Smaller Goals – Run / Walk 1 mile for the first week, Run / Walk 2 miles for the 2nd week, Run 2 miles without walking in the 3rd week, Run / Walk 3-4 miles for the 4th week, sign up for and Run / Walk a 5K road race. Sign up for and Run / Walk a 10K race, Ect.
Because every runner knows what level they are at, their running goals need to be conformed to them personally. The point is to make out smaller more attainable running goals on your way to your larger running goal.
Write down your running goals and look at them daily. Think about the time you wanted to buy something but did not have the money for it. You also did not want to put it on your credit card. Every day you seem to be thinking about it and visualize getting it. Before you know it, you end up owning it.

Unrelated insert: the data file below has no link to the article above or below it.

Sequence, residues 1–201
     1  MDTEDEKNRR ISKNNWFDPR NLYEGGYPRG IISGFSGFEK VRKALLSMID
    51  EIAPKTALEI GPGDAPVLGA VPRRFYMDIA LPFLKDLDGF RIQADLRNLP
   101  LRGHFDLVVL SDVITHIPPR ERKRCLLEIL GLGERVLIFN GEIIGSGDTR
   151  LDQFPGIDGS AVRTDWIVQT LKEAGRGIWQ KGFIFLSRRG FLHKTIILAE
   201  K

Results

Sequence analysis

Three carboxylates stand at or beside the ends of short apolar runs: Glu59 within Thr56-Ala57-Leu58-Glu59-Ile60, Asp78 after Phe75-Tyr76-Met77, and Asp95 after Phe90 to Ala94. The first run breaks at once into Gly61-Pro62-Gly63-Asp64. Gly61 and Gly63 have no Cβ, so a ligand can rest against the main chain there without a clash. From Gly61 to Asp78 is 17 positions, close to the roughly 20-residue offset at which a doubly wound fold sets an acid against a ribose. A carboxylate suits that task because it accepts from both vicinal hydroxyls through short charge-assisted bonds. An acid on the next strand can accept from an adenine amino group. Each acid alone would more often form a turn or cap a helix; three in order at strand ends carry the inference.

This is what happens when you look at your running goals daily. When you write your running goals down you commit to it. Every time you look at your running goals you visualize obtaining it. Writing down and looking at your running goals will steer you towards obtaining your running goals more quickly.
Be flexible when obtaining your running goals. I can sum this up with one word….”LIFE”. Life happens. Rain, snow, sickness, injuries, work, school and whatever life throws at you. If you are not flexible it will be very hard to reach any of the running goals you may have. Flexibility is key. Sometimes you have to change your actual running goal list. You may find yourself improving at a faster or slower rate so being flexible will help you to stay on track to reaching your main running goal.